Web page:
Johnson takes victory lap in traditional Labour areas that powered crushing win
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Johnson takes victory lap in traditional Labour areas that powered crushing win

In northern England, PM promises to repay voters’ trust, as Corbyn feels further heat from inside his party over drubbing at the polls

Britain's Prime Minister Boris Johnson gestures after pulling a pint with newly elected Conservative party MP for Sedgefield, Paul Howell, at Sedgefield Cricket Club in County Durham, north east England on December 14, 2019, following his Conservative party's general election victory.  (Photo by Lindsey Parnaby / POOL / AFP)
Britain's Prime Minister Boris Johnson gestures after pulling a pint with newly elected Conservative party MP for Sedgefield, Paul Howell, at Sedgefield Cricket Club in County Durham, north east England on December 14, 2019, following his Conservative party's general election victory. (Photo by Lindsey Parnaby / POOL / AFP)

LONDON (AP) — British Prime Minister Boris Johnson visited northern England on Saturday to thank voters and newly elected Conservative Party lawmakers in the working class heartland that turned its back on the opposition Labour Party in this week’s election and helped give him an 80-seat majority.

Speaking in Sedgefield — the constituency once held by Labour former prime minister Tony Blair — Johnson acknowledged the seismic shift that helped sweep him to victory in Thursday’s election.

“I know that people may have been breaking the voting habits of generations to vote for us,” he told supporters. “And I want the people of the northeast to know that we in the Conservative Party and I will repay your trust.”

In a victory speech outside 10 Downing Street on Friday, Johnson called for an end to the acrimony that has festered throughout the country since the divisive 2016 Brexit referendum, and urged Britain to “let the healing begin.”

Britain’s Prime Minister Boris Johnson is cheered by supporters on a visit to meet newly elected Conservative party MP for Sedgefield, Paul Howell, at Sedgefield Cricket Club in County Durham, north east England on December 14, 2019, following his Conservative party’s general election victory. (Lindsey Parnaby / POOL / AFP)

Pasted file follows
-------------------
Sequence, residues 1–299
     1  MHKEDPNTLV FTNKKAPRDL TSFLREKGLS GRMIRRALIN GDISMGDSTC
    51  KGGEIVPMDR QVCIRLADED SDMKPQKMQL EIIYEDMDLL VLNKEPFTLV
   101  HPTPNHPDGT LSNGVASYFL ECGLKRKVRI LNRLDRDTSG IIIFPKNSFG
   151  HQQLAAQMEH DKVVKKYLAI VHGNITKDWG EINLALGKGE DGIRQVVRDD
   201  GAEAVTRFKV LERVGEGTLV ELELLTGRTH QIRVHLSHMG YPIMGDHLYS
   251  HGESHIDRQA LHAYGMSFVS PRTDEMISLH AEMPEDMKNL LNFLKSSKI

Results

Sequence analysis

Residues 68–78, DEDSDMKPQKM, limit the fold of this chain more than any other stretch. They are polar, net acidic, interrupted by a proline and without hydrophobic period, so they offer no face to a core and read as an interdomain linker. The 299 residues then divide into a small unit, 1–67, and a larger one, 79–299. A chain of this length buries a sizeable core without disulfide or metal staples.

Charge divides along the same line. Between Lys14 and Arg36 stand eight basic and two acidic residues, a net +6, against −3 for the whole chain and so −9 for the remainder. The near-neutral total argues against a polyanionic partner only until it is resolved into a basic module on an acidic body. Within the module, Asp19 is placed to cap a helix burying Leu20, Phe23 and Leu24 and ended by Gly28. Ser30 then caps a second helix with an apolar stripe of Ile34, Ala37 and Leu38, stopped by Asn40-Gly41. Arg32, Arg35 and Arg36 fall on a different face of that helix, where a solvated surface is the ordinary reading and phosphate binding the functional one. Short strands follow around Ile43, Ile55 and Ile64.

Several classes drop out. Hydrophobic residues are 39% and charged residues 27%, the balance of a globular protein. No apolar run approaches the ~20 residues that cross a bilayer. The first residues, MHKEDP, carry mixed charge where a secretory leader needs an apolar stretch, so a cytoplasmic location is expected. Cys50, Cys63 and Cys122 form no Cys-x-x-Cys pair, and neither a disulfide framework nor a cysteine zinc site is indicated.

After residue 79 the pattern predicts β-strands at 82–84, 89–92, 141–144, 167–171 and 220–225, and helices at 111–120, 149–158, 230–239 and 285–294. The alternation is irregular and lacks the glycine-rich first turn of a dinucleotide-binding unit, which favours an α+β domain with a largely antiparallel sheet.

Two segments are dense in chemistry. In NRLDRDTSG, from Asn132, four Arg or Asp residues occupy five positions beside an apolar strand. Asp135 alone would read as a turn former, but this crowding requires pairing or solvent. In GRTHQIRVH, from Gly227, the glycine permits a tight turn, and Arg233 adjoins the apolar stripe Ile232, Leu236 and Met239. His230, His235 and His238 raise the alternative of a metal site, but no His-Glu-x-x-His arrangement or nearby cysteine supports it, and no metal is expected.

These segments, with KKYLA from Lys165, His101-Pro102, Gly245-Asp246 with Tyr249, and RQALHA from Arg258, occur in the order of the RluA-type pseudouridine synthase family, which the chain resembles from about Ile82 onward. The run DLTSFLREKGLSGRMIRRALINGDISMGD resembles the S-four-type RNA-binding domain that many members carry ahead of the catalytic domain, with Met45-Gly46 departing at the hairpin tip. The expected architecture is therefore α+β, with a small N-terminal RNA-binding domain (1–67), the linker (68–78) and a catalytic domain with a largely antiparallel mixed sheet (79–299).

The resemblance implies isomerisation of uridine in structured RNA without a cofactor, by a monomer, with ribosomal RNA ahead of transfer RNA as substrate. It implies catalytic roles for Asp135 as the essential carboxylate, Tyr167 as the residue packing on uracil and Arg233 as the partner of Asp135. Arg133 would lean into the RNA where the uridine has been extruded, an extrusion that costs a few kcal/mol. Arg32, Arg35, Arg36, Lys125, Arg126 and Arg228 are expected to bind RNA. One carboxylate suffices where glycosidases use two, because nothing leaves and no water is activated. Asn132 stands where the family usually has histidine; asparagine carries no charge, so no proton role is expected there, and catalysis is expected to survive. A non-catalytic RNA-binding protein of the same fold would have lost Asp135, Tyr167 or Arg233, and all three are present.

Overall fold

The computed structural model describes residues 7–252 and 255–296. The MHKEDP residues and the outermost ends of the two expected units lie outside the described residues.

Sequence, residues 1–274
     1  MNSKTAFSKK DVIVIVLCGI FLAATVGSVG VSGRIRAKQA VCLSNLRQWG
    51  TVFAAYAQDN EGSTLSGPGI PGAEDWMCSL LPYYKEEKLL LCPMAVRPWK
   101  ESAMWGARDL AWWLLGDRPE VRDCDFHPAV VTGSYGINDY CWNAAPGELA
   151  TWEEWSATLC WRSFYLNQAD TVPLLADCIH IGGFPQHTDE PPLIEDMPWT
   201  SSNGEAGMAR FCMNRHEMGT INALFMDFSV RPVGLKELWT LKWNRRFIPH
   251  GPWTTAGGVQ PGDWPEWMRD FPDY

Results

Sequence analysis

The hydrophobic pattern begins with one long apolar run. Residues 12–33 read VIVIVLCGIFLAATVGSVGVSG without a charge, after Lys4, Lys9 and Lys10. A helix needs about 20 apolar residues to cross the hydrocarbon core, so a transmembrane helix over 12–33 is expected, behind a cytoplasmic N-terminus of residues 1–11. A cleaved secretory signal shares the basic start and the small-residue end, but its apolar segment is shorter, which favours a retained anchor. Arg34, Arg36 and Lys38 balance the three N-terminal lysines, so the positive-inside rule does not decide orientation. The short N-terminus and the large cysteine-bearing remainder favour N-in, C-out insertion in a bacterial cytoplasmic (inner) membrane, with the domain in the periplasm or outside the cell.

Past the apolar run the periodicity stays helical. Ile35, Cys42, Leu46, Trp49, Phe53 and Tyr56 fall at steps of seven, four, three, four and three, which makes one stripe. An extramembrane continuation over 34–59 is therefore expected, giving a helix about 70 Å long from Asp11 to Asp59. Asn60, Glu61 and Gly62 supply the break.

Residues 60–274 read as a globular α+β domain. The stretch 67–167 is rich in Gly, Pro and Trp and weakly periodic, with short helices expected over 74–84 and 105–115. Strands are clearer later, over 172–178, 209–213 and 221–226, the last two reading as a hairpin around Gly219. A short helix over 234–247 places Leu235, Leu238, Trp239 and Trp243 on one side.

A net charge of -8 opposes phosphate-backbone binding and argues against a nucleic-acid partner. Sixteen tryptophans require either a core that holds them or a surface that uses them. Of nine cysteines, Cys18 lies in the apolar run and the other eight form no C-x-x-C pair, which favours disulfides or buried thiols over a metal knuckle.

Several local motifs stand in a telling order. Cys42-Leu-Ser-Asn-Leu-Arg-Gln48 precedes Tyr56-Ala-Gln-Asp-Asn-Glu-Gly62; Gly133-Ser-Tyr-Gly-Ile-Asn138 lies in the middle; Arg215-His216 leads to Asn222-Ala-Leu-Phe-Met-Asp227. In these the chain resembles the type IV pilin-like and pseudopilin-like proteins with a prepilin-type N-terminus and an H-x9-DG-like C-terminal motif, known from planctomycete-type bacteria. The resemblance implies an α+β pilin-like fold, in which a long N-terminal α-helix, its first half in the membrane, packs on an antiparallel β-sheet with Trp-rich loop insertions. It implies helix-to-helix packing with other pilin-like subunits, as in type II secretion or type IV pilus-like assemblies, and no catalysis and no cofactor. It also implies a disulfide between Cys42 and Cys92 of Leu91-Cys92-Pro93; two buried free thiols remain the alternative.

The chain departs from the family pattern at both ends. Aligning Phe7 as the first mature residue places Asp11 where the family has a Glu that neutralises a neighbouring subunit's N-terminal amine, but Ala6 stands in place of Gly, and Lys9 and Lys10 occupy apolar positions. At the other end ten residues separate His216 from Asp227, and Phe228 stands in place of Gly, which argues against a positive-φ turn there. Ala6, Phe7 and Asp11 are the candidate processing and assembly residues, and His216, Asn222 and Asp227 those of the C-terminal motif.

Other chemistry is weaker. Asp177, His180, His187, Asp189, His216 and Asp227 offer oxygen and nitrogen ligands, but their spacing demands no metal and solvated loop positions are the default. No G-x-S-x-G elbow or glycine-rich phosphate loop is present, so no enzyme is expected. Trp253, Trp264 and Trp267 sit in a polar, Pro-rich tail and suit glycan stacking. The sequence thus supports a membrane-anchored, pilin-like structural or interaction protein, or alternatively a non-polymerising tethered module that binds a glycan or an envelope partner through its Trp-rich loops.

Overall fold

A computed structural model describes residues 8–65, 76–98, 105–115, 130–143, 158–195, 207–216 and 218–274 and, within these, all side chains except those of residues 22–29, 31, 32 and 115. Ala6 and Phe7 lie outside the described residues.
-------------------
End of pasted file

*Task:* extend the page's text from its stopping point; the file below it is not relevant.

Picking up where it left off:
Johnson’s campaign mantra to “get Brexit done” and widespread unease with the leadership style and socialist policies of opposition leader Jeremy Corbyn combined to give the ruling Conservatives 365 seats in the House of Commons, its best performance since party icon Margaret Thatcher’s last victory in 1987. Labour slumped to 203 seats, its worst showing since 1935.

While Johnson was on a victory lap Saturday, Corbyn — who has pledged to stand down next year — was under fire from within his own party.

Newspapers sit on display for sale with their front pages reporting on the general election in a supermarket in south west London, December 14, 2019. (AP Photo/Matt Dunham)

Former lawmaker Helen Goodman, one of many Labour legislators to lose their seat in northern England, told BBC radio that “the biggest factor was obviously the unpopularity of Jeremy Corbyn as the leader.”

British opposition Labour Party leader Jeremy Corbyn speaks during the declaration of his seat in the 2019 general election in Islington, London, December 13, 2019. (AP Photo/Alberto Pezzali)

Another former Labour lawmaker criticized the election campaign more broadly as muddled. Anna Turley told the BBC that the party put forward an overwhelming number of policies and voters “just didn’t believe we were the party that could deliver on any of it.”

Armed with his hefty new majority, Johnson is set to start the process next week of pushing Brexit legislation through Parliament to ensure Britain leaves the EU by the January 31 deadline. Once he’s passed that hurdle — breaking three years of parliamentary deadlock — he has to seal a trade deal with the bloc by the end of 2020.

“We’ve just been going over the timetable we can definitely get it in before Christmas, and we’re out on Jan. 31,” Johnson said.

While Johnson’s large majority means he has relatively clear air ahead on Brexit, he faces turbulence over renewed calls for a referendum on Scottish independence following the strong election showing of the Scottish National Party.

Britain’s Prime Minister Boris Johnson gestures as he speaks to supporters during a visit to meet newly elected Conservative party lawmakers at Sedgefield Cricket Club in County Durham, north east England on Saturday Dec. 14, 2019, following his Conservative party’s general election victory (Lindsey Parnaby / Pool via AP)

The front page of Saturday’s edition of The Scotsman newspaper featured photos of Johnson and Scottish National Party leader Nicola Sturgeon and the headline: “Two landslides One collision course.”

Johnson owes his success, in part, to traditionally Labour-voting working class constituencies in northern England that backed the Conservatives because of the party’s promise to deliver Brexit. During the 2016 referendum, many of those communities voted to leave the EU because of concerns that immigrants were taking their jobs and neglect by the central government in London.

In Sedgefield, he paid tribute to his new lawmakers who turned those concerns into a big election victory.

“Thank you for your wonderful achievement in transforming our party, transforming the political map of this country,” he said.

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